Photo Credit: IDF
IDF soldiers in Gaza, December 9, 2024.

According to Israeli sources reported by Reshet Bet radio, the war in Gaza will persist at its high intensity for up to two more months, to be followed not by a ceasefire, but by localized activities by forces that will remain in the Strip. It is also estimated that there will be attempts to reach additional deals for the release of hostages in the coming two months.

At some point between now and mid-February, some of Gaza’s civilians will be allowed to return to their homes – which Israel has acquiesced to under US pressure.


In their most recent phone conversation last Friday, Prime Minister Benjamin Netanyahu told President Joe Biden that the campaign to subdue Khan Yunis, where the Hamas military leadership is hiding underground, would take another month. Biden then set a deadline for the end of the war in mid-January, to which Netanyahu responded by saying it would take one additional month to finish the job in the Gaza Strip.

Meanwhile, the Biden administration announced on Saturday that it was bypassing Congress, and approving an emergency sale of some 14,000 rounds of tank ammunition worth $106 million to Israel. The sale includes 13,981 120 mm High Explosive Anti-Tank Multi-Purpose with Tracer tank cartridges, with US support, engineering, and logistics.

The move shortcut the stagnated debate in Congress where the administration has been trying and failing to combine aid to Israel with aid to Ukraine in a $106 billion package.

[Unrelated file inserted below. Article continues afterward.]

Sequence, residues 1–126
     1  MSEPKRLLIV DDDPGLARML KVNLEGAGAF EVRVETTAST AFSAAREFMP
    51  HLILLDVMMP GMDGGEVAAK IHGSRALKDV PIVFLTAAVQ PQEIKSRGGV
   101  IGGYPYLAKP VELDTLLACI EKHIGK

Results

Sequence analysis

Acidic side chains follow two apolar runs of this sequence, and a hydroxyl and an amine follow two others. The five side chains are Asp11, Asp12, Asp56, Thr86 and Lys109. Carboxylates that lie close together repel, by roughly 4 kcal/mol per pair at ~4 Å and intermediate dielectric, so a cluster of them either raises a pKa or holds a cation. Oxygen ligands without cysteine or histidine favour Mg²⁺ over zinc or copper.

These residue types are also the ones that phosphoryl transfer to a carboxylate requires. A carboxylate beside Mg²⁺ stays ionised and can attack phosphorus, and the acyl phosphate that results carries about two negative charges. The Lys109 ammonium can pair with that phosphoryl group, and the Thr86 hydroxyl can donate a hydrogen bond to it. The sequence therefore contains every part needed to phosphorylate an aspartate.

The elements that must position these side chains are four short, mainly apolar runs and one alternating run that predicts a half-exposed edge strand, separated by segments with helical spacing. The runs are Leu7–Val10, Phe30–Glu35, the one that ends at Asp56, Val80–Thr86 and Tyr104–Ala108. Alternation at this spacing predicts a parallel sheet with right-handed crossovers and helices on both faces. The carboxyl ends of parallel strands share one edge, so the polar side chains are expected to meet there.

The time limits made the IDF’s attack in Khan Yunis even more critical for the future of the war. The combined infantry and armor divisions are fighting three concurrent battles, and in all of them, they are encountering tougher resistance than they did before since Hamas views this as its final battle to protect its remaining assets. The Hamas defense system in Khan Yunis includes a regional brigade consisting of four battalions that were kept out of the fighting in the first two months of the war.

Following its predetermined plan of action, the IDF continues to move forward relatively slowly and cautiously while using extremely massive fire. The crushing approach is designed to ensure maximum damage to Hamas terrorists and reduce Israeli casualties. However, the tension between the goals of the war and the time allotted to achieve them, with the Americans already waving a stopwatch, creates a conflict in the direction of the war that could prove to be harmful.

Under these new conditions, Hamas mastermind Yahya Sinwar’s goal would be to play for time, to stretch the war even longer. This could include new offers to swap hostages for security prisoners on condition of a ceasefire.


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